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COVID-19 vaccine doses can be given up to 6 weeks apart, Palm Beach County health director says

'There's no less effectiveness on the vaccine,' Dr. Alina Alonso says
Palm Beach County health director Dr. Alina Alonso gives an update on the COVID-19 pandemic on Feb. 9, 2021.jpg
Posted at 5:00 AM, Feb 09, 2021
and last updated 2021-02-09 17:43:54-05

WEST PALM BEACH, Fla. — How long is too long to wait for your second dose of the COVID-19 vaccine?

Palm Beach County health director Dr. Alina Alonso attempted to calm concerns among the public on Tuesday, assuring them that you can get your booster shot up to six weeks after your first dose and still have full protection.

Under current medical guidelines, the first and second doses of Pfizer's COVID-19 vaccine are supposed to be administered 21 days apart, while the Moderna vaccine is 28 days apart.

However, the Health Care District of Palm Beach County has been scheduling some follow-up shots of the Pfizer vaccine more than 21 days out, which has led to concerns among the public.

"If they've had the Pfizer and they're getting a callback after the 21 days, does that serve to minimize the effectiveness of the vaccine?" Commissioner Maria Sachs asked Alonso at Tuesday's county commission meeting.

"There's no less effectiveness on the vaccine," Alonso answered. "It's not something that if you miss that day, your vaccine is not gonna work. It's complete efficacy up to six weeks. So the fact that they're getting it in four weeks is safe."


Dr. Alina Alonso talks COVID-19 vaccine effectiveness

According to the U.S. Centers for Disease Control and Prevention:

"The second dose should be administered as close to the recommended interval as possible. However, if it is not feasible to adhere to the recommended interval, the second dose of Pfizer-BioNTech and Moderna COVID-19 vaccines may be scheduled for administration up to 6 weeks (42 days) after the first dose."

"It's safe to give it within six weeks," Alonso said. "So if you were supposed to get it in three weeks, you can get it up to six weeks with no problem."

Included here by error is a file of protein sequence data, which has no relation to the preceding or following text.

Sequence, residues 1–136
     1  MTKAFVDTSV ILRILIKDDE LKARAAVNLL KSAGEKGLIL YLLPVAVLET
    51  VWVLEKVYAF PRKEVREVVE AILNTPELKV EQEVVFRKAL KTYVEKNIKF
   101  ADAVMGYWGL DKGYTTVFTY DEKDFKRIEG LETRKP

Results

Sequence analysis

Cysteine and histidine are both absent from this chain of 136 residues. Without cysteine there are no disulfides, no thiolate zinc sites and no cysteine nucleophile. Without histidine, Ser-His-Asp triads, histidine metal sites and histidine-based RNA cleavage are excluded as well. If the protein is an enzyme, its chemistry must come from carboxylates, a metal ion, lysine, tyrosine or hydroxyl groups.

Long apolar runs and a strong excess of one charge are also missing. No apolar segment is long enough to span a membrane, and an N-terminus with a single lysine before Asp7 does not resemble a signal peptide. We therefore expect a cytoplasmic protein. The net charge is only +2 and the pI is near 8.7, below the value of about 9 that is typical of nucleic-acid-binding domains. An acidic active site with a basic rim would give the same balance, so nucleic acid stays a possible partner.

The CDC added that there is limited data on the efficacy of the Pfizer and Moderna vaccines beyond the six-week window.

To further ease concerns in the community, Alonso said that starting on Saturday, the Health Care District of Palm Beach County will begin scheduling second doses of the Pfizer vaccine for 21 days after the first shot, instead of four weeks.

"Everyone who had received the Pfizer dose from prior, who already has appointments, please keep those appointments," Alonso said. "They're gonna start that change as of Saturday."


Alonso said she's "grateful" that Palm Beach County is starting to receive more supply of the COVID-19 vaccine.

"I am very encouraged that at least, even though we're getting small amount, the small amount has been coming through as promised by the state," Alonso said.

The health director said Palm Beach County needs "a little more push" in the vaccine supply before it can open multiple mass vaccination sites and mobile pop-up units.

A new COVID-19 vaccination center at the South Florida Fairgrounds near West Palm Beach will officially open on Wednesday with a limited number of vaccinations, roughly 500 per day to start. Once the location is fully up and running, a maximum of 7,000 doses will be able to be administered every day, officials said last week.

According to the latest numbers from the Florida Department of Health, 192,952 people have received the COVID-19 vaccine in Palm Beach County, including 156,393 patients who are 65 and older.

Miami-Dade County leads the state with 196,862 vaccinations.

"We have been number two in the state for shots in the arms and are close to being number one, almost surpassing Miami-Dade," said Mary Blakeney, Palm Beach County's emergency management director.

Blakeney added that between Publix pharmacies and government-run sites, 30,000 vaccines are expected to be administered in Palm Beach County this week.

"As soon as we get more supply, we will get the shots in the arms," Blakeney said. "We are seeing signs of hope that we're seeing a little bit more vaccine."

The Florida Department of Health said there are 111,437 confirmed cases of COVID-19 and 2,269 coronavirus-related deaths in Palm Beach County.

The county is averaging 597 new cases of COVID-19 per day over the last two weeks, and the average daily positivity rate during that same time is 7.79%. Health officials aim to keep the daily COVID-19 positivity rate below 5% because that allows for more effective contact tracing.